Google's next act: Diversify and conquer

Center stage at this year's Google I/O was a company honing its vision for a future beyond search

Guessing Google's future direction is a bit like trying to predict the path of a flock of birds: Tracing the trajectory of any one bird provides scant guidance, but there's little question the whole flock is headed north.

Search, Google+, Android, Google Glass, self-driving cars -- the company famous for beta launches (and killing projects) appears to be evolving in almost every direction at once. But examined together, Google's innovations, acquisitions, and strategic maneuvers reveal a few clear directions driving the company forward.

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To be sure, last week's Google I/O showcased a company intent on spinning as many plates as possible, all at once, but the past two years with Larry Page in the CEO office have slowly revealed a firm focused on corralling its advertising, mobile technology, cloud services, and hardware plays into a second act beyond search.

The future of Google's ad business: More, but different

Of course, Google's No. 1 business isn't really search; it's advertising. But how long can the company depend almost entirely on revenue from ads alone? The answer depends on how successful the company can be in diversifying its approaches to extracting revenue from service-based offerings.

"Google isn't the 800-pound gorilla in the online advertising space for no reason," says Victor Pan, senior data analyst at WordStream, a company that provides pay-per-click analysis software and services.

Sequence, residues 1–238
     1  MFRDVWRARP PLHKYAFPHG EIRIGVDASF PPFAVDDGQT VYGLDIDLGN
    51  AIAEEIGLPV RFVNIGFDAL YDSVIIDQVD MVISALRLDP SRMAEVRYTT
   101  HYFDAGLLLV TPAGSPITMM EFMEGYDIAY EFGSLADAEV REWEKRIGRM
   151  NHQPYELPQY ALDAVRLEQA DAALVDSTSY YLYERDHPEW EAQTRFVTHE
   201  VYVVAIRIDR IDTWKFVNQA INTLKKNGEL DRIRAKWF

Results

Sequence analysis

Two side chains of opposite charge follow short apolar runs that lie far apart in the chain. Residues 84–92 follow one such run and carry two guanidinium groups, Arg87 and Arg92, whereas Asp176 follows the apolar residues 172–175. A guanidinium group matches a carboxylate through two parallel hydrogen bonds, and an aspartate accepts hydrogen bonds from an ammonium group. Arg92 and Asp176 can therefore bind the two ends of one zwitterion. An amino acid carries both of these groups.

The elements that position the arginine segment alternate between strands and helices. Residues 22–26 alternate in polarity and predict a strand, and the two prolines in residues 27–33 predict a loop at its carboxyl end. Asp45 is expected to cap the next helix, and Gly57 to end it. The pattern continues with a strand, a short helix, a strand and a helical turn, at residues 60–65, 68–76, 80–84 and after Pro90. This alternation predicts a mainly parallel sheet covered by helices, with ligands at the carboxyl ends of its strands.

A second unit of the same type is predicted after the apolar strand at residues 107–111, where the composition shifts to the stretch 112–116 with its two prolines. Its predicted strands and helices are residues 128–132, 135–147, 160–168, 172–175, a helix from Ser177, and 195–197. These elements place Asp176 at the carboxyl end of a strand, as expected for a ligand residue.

Pan sees a solid road map ahead for Google, thanks to its existing bets on mobile technology, where search is showing the strongest growth. Google's acquisition of mobile advertising platform AdMob and its AdWords Enhanced Campaigns, which allows advertisers to target both desktop and mobile devices automatically, create a strong foundation for Google's revenue growth in the years to come, Pan says.

"As long as Google innovates its ads to a consumer's search habits and educates its advertisers to do the same, Google's advertising growth will remain sustainable," Pan adds.

Shar VanBoskirk, vice president and principal analyst of interactive marketing at Forrester, also doesn't believe Google needs to establish a major source of revenue beyond advertising. Instead, VanBoskirk says, Google is diversifying its product and services portfolio "not because it has to, but because it can and it stands to make more money by entering new markets."

Adam Grunwerg, managing director of digital media agency, concurs: "Many of Google's products, including YouTube, Google+, and Android are the legs to support its growing ad business and generate more users in various markets." He also notes that Google's latest first-quarter earnings in 2013 showed a drop in the proportion of revenues coming directly from advertising, from 96 percent to 92 percent previously, thanks to its push into new markets: "reality eyewear [Google Glass], mobile payments, and wireless Internet infrastructure."

Last week's Google I/O solidified another major direction that had been previously hinted at: Google Now predictive search. Many common searches already produce answers from related queries. Google Now is being tooled to provide preemptive information based on one's location or movement habits. These, in turn, give Google and its partners new monetization opportunities -- assuming consumers don't find a way to preemptively opt out of them as well.

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